This was a tremendous read! Loved Horwitz' approach to meeting every-day people in all sorts of places around the American south. The war truly is not over for many of these folks. Horwitz touches on many aspects of our society and the divide between North and South, and between the races, and yet describes with warmth and humor the individual experiences that tie us to that time 150 years ago. Very highly recommended!!
This book is the perfect combination of pathos and humor. You will laugh out loud at some of the characters and situations, but Horwitz never belittles or laughs at the people he includes in the book. I think this is his greatest gift as a writer.
He takes you on a journey through history and makes it incredibly appealing. You will want to visit many of the places and meet the people just as Horwitz did, and you don't have to be a Civil War buff to enjoy it.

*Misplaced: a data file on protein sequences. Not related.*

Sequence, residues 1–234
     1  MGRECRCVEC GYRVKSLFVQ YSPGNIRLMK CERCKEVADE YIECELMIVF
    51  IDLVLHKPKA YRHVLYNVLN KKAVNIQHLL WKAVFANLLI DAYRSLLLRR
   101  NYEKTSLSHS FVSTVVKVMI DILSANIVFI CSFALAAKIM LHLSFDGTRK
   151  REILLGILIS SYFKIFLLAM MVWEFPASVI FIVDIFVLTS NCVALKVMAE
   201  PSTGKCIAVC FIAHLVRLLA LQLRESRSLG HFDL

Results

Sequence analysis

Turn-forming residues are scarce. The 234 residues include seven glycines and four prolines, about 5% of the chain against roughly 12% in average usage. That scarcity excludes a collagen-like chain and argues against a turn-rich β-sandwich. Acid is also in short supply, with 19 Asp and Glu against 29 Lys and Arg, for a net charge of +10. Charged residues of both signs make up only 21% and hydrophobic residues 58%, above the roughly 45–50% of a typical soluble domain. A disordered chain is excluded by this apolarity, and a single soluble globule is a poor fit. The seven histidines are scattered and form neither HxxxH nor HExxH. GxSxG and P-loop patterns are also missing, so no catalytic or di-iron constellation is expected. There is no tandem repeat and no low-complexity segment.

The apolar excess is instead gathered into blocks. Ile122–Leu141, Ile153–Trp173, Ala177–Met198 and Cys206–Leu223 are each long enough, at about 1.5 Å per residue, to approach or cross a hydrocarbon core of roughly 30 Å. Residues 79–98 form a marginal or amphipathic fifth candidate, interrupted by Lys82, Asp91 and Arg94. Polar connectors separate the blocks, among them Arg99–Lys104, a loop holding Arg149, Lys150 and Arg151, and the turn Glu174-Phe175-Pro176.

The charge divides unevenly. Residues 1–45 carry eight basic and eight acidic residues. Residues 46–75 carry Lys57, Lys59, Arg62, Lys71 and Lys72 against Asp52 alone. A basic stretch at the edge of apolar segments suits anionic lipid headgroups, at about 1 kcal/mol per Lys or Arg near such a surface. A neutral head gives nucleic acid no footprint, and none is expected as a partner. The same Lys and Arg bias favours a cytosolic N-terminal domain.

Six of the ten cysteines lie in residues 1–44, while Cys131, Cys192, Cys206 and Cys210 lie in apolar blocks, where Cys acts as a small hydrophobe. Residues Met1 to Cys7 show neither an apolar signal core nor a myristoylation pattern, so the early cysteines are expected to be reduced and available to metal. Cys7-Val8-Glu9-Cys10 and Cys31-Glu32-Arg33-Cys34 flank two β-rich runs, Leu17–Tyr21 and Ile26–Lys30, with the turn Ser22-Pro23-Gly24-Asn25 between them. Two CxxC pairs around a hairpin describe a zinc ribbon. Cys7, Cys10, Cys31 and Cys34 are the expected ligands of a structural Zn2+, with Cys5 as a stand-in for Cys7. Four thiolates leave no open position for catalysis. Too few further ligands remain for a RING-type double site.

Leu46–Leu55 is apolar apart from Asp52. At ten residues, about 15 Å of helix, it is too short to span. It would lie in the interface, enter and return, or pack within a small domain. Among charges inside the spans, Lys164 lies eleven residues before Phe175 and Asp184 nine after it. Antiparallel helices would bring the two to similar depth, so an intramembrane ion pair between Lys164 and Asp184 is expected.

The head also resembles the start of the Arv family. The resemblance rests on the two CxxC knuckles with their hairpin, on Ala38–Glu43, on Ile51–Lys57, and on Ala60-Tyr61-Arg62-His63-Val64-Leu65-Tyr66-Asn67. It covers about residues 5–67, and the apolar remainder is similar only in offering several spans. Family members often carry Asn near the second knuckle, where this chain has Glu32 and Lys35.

A great book to read on a road trip. I'm off to find more books by Tony Horwitz!
I found this to be a very entertaining look at Civil War History. Hard to believe there could be such a fresh book on such an old (but importanat) topic. This would make good required reading for a HS or college civil war class.
The book might have been more relevant if I'd read it when first written, but it still helped me understand the Civil War history as seen from a Southerner's perspective. Traveling through the southern states as a Union soldier in this era, certainly put a spin on how he interacted with the people he met and the history he experienced. Well worth reading if you are interested in the whole picture of how the Civil War affected the country, even today.